Misconceptions About Alzheimer’s – We Must Get the Word Out
Despite the growing number of Americans directly affected by Alzheimer’s disease, there are still widespread misconceptions about it. Compared with other major diseases, Alzheimer’s appears to be less known and more likely misperceived as a “normal part of aging.” Even lesser known is younger-onset Alzheimer’s, which strikes individuals younger than 65. Misperceptions about the disease and its symptoms can lead to stigma and a feeling of shame for those living with it, which can prevent people from seeking or sharing a diagnosis and can compound the isolation and depression that sometimes accompanies the disease.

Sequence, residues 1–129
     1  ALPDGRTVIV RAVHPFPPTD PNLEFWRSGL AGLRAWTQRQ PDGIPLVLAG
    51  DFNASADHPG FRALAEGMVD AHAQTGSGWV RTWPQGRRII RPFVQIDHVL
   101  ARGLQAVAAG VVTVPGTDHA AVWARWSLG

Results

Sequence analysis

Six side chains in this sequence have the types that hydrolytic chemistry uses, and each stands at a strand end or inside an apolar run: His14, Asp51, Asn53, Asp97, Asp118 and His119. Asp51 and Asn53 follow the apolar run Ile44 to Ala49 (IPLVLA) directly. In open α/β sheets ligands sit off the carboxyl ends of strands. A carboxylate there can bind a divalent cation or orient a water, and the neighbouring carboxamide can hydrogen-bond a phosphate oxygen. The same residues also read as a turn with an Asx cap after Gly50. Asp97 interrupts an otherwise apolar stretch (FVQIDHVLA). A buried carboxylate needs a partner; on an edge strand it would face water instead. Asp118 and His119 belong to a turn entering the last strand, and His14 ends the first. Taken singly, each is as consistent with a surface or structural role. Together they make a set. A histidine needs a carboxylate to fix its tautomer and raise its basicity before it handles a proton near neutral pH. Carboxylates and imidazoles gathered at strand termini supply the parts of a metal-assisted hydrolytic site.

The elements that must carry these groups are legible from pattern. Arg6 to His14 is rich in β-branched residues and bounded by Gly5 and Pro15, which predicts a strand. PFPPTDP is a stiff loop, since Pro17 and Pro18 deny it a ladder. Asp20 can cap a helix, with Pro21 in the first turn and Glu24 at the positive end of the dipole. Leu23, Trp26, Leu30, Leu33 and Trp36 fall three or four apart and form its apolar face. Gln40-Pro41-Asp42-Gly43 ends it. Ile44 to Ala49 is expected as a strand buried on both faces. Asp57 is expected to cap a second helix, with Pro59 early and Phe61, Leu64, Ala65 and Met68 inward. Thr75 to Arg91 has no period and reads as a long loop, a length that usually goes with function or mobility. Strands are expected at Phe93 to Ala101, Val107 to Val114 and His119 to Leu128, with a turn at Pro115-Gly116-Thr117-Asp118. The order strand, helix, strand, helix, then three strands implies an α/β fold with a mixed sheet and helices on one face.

According to the 2015 Behavioral Risk Factor Surveillance System, 11% of New Yorkers 45 and older report confusion or memory loss, but more than half haven’t spoken with a physician about it. Increased public education and awareness of Alzheimer’s disease and dementia is imperative to help people understand:
- Risk factors;
- the warning signs of Alzheimer’s;
- the benefit of early detection of the disease and diagnosis;
- available free support services;
- the importance of longer-term financial, healthcare and legal planning.